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A Few Additional Notes On The Aircraft Carrier Formerly Known As Varyag

August 6, 2011

Chinese Aircraft Carrier 02

It’s now called Shi Lang Liaoning. The soon-to-be-launched maiden carrier of the PLAN serves as a successful template for locally produced flattops in the near future. The backstory explaining how it ended up in Dalian is well-known, so this post simply rehashes the facts and establishes a few other points that might have been missed.

Originally bought from Ukraine in 1998 for $20 million, the much publicized intention of the mysterious Chong Lot Travel Agency (a front for another dubious Hong Kong firm) was to make it an attraction in Macao—an alleged floating casino.

It’s rather strange that a few weeks ago Chinese news outlets circulated bullshit stories about the Shi Lang being used for “peaceful” and “scientific” purposes. (In hindsight it’s doubtful the Liaoning would ever deploy for combat and it appears to function as a training ship for the PLAN’s fighter wing.)

While under construction, the Varyag was supposed to be the second Soviet aircraft carrier after the Kuznetsov. Long story short, thanks to dire economic straits it rusted away until its purchase. The Varyag’s design is supposed to convey its distinct role.

Soviet naval doctrine designates it not as a carrier in the Western sense but a missile cruiser with an aircraft arm  meant for defending battle groups. To fulfill this role it’s much smaller than its American counterparts and only supported VTOL aircraft and helicopters. The PLAN, on the other hand, have more ambitious plans (no pun intended) for the Soviet-era hulk.

Chinese Aircraft Carrier 03

Shi Lang infographic with tags/captions in Mandarin. Via Deepskyer/Flickr.

It took a large tugboat and a multinational crew almost two years before the former Shi Lang reached Macao (it skipped the Suez Canal due to restrictions). Along the way it caused a diplomatic row with Turkey, nearly went adrift in the Aegean Sea, and spent a ridiculous amount of time traversing the Indian Ocean. Upon finally reaching Dalian in 2003 the Shi Lang underwent a slow refurbishing.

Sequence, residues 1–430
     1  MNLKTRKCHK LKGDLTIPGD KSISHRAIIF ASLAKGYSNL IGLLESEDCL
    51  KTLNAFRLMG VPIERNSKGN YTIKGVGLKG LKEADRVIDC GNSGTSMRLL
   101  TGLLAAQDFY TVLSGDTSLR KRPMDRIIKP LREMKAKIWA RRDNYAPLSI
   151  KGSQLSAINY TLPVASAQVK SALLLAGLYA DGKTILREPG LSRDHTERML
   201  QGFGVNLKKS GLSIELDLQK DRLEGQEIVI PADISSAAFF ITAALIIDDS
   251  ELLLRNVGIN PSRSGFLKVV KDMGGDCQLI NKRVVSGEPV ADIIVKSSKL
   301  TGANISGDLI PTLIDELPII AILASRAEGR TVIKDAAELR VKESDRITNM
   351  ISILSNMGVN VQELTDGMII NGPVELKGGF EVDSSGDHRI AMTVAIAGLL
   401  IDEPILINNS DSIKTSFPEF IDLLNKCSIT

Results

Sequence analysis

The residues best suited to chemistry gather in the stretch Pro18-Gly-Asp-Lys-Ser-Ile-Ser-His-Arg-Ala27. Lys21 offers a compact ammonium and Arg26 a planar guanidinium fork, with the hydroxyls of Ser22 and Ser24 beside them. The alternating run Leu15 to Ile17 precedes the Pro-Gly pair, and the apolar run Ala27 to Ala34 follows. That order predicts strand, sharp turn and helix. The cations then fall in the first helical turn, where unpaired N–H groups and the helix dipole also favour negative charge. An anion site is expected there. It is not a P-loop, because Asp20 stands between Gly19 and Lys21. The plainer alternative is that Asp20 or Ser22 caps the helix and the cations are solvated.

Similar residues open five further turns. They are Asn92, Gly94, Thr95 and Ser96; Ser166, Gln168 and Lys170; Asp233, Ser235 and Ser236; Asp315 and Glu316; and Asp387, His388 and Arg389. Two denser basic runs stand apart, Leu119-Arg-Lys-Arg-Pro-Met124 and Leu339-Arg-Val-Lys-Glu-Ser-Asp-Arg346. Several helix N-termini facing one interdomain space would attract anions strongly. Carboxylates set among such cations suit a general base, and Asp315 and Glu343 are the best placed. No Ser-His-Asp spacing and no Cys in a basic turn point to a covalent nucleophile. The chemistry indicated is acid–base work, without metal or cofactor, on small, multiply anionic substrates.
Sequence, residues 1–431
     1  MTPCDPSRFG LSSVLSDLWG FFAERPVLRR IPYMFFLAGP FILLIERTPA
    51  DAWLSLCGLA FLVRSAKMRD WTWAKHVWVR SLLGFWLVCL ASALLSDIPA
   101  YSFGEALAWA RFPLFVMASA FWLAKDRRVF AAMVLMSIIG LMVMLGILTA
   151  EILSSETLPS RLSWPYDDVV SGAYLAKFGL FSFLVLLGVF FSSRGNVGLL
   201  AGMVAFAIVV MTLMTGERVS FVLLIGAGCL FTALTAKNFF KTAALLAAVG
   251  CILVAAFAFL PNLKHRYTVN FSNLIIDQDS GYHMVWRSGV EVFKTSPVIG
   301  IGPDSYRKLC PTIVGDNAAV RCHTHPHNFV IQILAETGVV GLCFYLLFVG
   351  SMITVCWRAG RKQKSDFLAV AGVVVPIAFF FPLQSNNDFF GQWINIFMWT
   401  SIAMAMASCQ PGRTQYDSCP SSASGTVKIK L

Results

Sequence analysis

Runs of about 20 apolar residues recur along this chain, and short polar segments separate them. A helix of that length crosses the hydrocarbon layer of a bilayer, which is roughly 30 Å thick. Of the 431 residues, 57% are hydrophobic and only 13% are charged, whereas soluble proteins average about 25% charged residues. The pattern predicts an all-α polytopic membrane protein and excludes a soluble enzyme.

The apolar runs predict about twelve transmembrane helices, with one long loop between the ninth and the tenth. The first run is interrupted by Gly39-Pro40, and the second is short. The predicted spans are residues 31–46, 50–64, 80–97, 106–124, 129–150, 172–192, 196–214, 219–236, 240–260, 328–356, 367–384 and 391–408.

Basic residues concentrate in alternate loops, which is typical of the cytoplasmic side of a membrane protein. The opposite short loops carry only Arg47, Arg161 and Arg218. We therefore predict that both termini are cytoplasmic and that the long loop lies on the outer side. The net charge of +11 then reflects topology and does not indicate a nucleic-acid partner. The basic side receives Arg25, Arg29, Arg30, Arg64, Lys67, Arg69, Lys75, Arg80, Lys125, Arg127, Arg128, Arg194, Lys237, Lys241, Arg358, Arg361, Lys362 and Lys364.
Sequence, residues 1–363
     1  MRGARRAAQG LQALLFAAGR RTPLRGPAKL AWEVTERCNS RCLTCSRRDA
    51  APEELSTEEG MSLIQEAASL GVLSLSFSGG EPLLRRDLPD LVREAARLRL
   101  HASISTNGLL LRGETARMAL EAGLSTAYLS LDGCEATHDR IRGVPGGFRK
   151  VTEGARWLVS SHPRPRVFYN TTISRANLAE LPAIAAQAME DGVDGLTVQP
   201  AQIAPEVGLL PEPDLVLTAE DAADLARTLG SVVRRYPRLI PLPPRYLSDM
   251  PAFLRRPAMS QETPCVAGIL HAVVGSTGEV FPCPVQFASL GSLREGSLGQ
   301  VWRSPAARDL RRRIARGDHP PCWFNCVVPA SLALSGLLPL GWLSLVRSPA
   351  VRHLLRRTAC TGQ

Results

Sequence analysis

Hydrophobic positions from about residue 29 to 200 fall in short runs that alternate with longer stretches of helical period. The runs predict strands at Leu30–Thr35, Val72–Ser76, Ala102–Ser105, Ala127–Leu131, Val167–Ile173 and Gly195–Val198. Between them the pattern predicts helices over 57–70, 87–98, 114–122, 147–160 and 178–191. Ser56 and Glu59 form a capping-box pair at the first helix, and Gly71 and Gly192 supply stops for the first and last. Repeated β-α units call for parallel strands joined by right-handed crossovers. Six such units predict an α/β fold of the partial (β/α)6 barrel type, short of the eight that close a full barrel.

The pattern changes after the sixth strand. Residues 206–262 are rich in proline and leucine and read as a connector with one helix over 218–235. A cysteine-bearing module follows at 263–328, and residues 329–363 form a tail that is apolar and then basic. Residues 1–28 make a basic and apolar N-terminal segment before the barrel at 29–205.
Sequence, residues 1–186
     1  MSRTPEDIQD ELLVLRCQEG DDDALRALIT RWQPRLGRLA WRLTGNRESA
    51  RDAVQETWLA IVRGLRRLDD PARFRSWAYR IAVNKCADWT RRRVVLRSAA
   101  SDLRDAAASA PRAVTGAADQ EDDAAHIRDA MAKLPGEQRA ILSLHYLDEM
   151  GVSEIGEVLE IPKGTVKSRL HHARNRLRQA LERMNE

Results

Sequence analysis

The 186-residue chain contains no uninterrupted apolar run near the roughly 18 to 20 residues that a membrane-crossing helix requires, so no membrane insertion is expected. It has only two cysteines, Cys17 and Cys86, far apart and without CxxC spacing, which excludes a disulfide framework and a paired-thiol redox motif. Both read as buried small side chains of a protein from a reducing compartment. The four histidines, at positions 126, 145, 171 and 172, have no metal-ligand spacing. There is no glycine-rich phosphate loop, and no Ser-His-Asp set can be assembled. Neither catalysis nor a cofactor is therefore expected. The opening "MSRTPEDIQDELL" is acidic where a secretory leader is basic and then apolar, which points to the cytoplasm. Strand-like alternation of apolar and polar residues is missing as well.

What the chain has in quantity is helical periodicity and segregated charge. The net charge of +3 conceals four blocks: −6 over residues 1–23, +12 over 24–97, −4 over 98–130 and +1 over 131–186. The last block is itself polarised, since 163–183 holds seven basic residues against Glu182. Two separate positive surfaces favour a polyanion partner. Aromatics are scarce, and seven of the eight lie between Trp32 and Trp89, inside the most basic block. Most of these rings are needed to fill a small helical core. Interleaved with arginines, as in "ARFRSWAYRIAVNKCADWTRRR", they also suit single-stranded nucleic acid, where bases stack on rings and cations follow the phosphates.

In its current state, the Shi Lang is being scrutinized at a level akin to paparazzi fawning over a starlet. Entire blog posts and webpages are dedicated to capturing the Shi Lang spewing smoke from its chimney, testing its lights, and other routine non-exciting tasks.

Beyond obvious bragging rights, the Shi Lang is a serious force projection tool and its onboard arsenal is proof of this. Recent photographs of its CIWS system and other armaments are already available. As of this writing, the Shi Lang carries four batteries of the FL-3000N missiles and two 30mm CIWS cannon. As for aircraft, the Shi Lang operates J-15’s and several ASW helicopters.

The ignored development riding on the Shi Lang‘s coattails are two new carriers, this time 100% indigenous, being built in Shanghai. Unfortunately, no pictures of them are available.

The hottest new development regarding Shi Lang was the selection of its captain; according to the South China Morning Post Major General Li Xiaoyan is commanding the ship. The same news story adds that his qualifications include extensive experience in the South China Sea, a tidbit that could hint at Shi Lang’s possible future mission.

The historic significance of the name Shi Lang, however, implies a Taiwan-centric objective.


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